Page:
Four Concrete And Wooden Volumes Form Casa Naila Paying Tribute To Oaxaca’s Rural Architecture
Mexican architecture practice BAAQ' has used four separate volumes, made of concrete and wood, to design different functions of the house on a rocky landscape of Puertecito, Oaxaca, Mexico.
Called Casa Naila or Naila House, the 250-square-metre house is designed as compact volumes paying tribute to Oaxaca's rural architecture.
Situated on a 740-square-metre plot, the four volumes are different in height and consists of sloping roofs which adapts to its own surrounding.
The land is located on a point, a condition that gives a privileged view of the house with two fronts to the sea. "The aim was to generate the least impact on the ground, where due to the use of the house and its context, most of the daily activities are carried out abroad," said BAAQ'.
"Casa Naila's creative process started from the idea of defining 2 compositional axes, creating a cross-shaped patio that articulates the 4 volumes that make up the project".
"These blocks were the key aspects to achieve a proper integration between the architecture and its immediate environment," added the firm.
The architects conceived each volume as isolated buildings with different heights and sloping roofs, hinting at the rocky and rugged topography of the beach.
It sought to provide different orientations to the spaces, to allow optimal air circulation and lighting, in addition to ensuring that each of the users has a view of the sea.
The architectural program is developed both indoors and outdoors, seeking spatial and functional efficiency, where the core of the project is made up of living areas, connecting with private areas through the central courtyard and the pool.
In this way, a simple, aesthetic and low maintenance house is achieved, with the capacity to accommodate up to 15 people.
"The volumes on its ground floor are made of reinforced concrete, in this way we sought to direct and frame the views of the spaces to the south and east," continued the studio.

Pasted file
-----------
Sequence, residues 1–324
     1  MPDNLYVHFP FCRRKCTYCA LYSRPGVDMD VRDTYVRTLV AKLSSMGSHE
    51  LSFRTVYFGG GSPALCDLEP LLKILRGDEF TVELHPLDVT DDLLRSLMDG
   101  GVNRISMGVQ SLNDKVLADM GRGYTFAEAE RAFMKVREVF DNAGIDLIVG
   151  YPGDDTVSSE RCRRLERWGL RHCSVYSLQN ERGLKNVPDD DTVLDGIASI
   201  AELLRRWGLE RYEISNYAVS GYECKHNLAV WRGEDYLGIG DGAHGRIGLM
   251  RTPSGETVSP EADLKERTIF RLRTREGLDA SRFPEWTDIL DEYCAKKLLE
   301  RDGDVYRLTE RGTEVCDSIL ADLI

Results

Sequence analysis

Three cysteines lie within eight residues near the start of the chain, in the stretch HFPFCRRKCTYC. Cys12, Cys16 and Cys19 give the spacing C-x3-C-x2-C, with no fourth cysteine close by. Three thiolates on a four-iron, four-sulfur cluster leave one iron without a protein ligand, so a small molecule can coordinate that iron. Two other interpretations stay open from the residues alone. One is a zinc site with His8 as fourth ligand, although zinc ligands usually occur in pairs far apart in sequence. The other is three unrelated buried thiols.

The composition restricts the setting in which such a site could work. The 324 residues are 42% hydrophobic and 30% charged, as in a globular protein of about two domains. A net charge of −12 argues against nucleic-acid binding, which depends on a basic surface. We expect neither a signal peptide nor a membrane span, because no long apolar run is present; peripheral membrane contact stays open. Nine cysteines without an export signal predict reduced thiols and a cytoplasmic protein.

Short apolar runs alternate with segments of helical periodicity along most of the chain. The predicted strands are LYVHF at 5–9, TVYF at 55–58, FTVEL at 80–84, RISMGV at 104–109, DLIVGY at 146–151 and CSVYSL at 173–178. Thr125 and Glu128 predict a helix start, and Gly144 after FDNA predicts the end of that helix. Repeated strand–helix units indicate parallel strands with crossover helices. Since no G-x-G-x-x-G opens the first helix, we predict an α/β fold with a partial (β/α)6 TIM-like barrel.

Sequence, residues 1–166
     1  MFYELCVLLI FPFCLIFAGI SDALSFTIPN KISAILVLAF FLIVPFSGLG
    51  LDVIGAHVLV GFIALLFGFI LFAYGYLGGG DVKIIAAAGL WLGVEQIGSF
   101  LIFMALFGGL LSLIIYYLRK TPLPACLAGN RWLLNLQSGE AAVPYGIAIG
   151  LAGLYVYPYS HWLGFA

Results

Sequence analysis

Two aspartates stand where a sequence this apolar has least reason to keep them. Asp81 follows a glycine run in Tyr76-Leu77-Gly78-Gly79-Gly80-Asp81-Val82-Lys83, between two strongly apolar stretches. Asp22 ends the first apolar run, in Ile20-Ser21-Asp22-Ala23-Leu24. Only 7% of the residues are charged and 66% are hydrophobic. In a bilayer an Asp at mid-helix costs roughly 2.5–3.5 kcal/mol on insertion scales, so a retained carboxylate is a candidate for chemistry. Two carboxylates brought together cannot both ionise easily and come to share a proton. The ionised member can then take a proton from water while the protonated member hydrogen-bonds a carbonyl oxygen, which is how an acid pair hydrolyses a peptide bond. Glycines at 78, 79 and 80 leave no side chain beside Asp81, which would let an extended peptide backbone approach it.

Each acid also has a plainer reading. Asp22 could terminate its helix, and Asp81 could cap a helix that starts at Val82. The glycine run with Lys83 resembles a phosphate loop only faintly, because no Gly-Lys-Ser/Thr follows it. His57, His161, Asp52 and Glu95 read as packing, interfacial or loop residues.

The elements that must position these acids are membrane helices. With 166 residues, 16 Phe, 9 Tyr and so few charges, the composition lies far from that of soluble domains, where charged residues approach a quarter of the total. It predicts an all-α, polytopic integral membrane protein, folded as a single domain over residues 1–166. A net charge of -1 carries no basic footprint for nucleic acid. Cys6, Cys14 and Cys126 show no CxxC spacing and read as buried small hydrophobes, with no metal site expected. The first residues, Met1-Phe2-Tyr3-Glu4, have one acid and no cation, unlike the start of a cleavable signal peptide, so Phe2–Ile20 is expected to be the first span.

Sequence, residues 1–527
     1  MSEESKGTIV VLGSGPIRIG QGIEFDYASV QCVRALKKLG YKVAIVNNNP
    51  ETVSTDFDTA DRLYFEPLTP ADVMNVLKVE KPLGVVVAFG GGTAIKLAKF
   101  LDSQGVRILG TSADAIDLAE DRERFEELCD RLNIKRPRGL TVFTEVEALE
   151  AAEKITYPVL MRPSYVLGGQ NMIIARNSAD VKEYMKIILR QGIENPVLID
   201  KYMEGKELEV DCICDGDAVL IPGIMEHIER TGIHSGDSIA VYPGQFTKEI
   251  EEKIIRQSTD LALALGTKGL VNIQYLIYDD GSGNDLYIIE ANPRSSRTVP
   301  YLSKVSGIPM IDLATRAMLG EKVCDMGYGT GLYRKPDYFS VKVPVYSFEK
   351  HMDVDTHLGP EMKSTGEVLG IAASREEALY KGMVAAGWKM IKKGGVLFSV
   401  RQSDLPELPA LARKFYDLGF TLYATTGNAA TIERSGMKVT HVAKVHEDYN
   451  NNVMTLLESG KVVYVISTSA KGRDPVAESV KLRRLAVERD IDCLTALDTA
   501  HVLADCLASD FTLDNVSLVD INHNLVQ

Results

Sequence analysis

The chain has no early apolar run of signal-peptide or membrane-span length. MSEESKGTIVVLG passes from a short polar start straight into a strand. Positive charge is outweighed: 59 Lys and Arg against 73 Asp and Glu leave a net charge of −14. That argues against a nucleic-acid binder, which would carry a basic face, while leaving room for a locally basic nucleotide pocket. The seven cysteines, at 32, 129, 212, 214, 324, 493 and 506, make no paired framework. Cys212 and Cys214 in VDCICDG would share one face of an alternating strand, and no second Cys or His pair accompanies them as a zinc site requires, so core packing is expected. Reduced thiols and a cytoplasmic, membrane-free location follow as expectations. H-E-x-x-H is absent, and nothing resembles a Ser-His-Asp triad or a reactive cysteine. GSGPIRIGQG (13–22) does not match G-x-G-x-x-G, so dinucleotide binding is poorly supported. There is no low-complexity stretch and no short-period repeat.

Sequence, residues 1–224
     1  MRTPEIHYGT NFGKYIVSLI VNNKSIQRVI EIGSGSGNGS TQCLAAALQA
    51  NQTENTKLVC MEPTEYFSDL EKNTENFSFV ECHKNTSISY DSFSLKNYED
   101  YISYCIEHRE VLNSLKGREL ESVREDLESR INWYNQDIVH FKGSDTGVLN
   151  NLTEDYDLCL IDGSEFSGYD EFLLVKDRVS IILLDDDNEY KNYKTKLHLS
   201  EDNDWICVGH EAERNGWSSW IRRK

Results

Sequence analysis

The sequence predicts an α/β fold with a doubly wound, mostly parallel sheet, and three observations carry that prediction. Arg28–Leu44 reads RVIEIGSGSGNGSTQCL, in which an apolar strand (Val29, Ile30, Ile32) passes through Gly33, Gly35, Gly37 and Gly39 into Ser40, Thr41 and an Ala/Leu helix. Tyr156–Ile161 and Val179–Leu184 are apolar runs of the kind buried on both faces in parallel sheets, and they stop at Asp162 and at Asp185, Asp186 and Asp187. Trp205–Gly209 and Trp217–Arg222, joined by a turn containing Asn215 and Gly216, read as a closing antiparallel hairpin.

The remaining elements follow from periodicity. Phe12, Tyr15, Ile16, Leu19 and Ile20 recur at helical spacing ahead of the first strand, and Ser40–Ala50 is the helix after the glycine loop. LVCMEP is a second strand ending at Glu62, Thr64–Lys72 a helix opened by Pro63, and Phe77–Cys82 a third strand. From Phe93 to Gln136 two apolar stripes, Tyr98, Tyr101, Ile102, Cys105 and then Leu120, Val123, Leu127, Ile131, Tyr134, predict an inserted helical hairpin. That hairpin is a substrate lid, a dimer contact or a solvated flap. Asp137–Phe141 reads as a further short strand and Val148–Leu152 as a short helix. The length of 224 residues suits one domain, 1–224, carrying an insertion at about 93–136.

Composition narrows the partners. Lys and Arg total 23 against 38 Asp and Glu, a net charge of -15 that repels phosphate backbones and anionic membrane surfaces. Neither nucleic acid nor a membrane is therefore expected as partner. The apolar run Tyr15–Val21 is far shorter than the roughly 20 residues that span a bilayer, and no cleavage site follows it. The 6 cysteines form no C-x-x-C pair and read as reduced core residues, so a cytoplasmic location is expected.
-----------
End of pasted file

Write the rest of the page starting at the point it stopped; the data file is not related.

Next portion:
"On the upper floor, the spaces are made up of a structure made from wooden frames and palm bone, which is a predominant material in the area and is used as a traditional construction system in vernacular houses on the Oaxaca coast."
Due to the climatic characteristics of the region, the accommodation of the palm bone and the use of mosquito netting allow the permeability and ventilation of the spaces, in addition to creating an interesting set of shadows and transparencies during the day, and a contrast of lights during the night; making the house feel like a lighthouse on the coast in the distance.
According to the architects, one of the fundamental spaces of the project is the kitchen area, since it houses a clay stove called Lorena, a traditional element taken from the rural houses of Oaxaca.
The bar and workstation were also made of earth, as well as the floor coverings, providing thermal comfort to users and giving a natural appearance to interior spaces.
"Named for the traditional song of the Oaxacan coast, Casa Naila seeks to pay tribute to Oaxaca in all its aspects, from the choice of materials and construction systems, its customs and the experience of the spaces, and especially the way it is cooked," explained the architects.
Project name: Casa Naila
Architects: BAAQ '/ J. Alfonso Quiñones
Area: 250 m2
Collaborators: Inca Hernández, Itzae Carrasco, Ainhoa Jimenez, Alfonso Sodi, Liliana Tamayo
Constructors: Mario Conde
Structural design: Alfonso Sodi
All images © Edmund Sumner, courtesy of BAAQ’
All drawings © BAAQ’
> via BAAQ’